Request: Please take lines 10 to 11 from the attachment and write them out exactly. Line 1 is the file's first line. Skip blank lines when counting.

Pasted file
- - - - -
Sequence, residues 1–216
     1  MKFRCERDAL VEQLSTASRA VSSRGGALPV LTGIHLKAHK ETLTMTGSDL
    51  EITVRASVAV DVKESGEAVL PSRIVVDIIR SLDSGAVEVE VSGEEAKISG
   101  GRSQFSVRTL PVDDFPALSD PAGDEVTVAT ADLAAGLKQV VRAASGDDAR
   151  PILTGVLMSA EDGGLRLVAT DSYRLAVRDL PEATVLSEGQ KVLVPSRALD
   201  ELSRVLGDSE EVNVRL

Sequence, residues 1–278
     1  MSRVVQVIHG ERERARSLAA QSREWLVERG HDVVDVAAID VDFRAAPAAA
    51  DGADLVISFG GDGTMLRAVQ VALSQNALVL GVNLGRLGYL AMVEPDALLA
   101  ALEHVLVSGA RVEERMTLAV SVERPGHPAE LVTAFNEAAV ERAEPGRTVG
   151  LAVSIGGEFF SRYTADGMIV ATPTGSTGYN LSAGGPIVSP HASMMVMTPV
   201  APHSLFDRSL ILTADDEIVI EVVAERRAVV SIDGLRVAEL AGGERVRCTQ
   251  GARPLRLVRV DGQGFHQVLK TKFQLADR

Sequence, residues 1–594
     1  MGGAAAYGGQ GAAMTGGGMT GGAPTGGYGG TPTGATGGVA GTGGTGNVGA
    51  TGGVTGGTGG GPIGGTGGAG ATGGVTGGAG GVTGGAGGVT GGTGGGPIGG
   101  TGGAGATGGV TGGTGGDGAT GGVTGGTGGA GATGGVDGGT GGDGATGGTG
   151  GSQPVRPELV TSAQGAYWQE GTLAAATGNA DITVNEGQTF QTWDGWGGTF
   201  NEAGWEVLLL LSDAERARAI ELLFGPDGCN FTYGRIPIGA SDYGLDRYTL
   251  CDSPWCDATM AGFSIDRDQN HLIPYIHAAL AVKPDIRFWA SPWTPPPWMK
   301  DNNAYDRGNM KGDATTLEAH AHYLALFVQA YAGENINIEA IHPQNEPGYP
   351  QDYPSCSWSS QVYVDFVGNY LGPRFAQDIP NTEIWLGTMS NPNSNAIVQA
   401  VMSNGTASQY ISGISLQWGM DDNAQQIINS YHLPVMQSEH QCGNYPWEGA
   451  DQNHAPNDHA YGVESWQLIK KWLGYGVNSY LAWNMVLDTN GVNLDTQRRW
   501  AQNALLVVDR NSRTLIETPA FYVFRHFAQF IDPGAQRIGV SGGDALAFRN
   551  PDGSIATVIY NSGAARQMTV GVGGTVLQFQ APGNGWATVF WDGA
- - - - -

   101  ALEHVLVSGA RVEERMTLAV SVERPGHPAE LVTAFNEAAV ERAEPGRTVG
   151  LAVSIGGEFF SRYTADGMIV ATPTGSTGYN LSAGGPIVSP HASMMVMTPV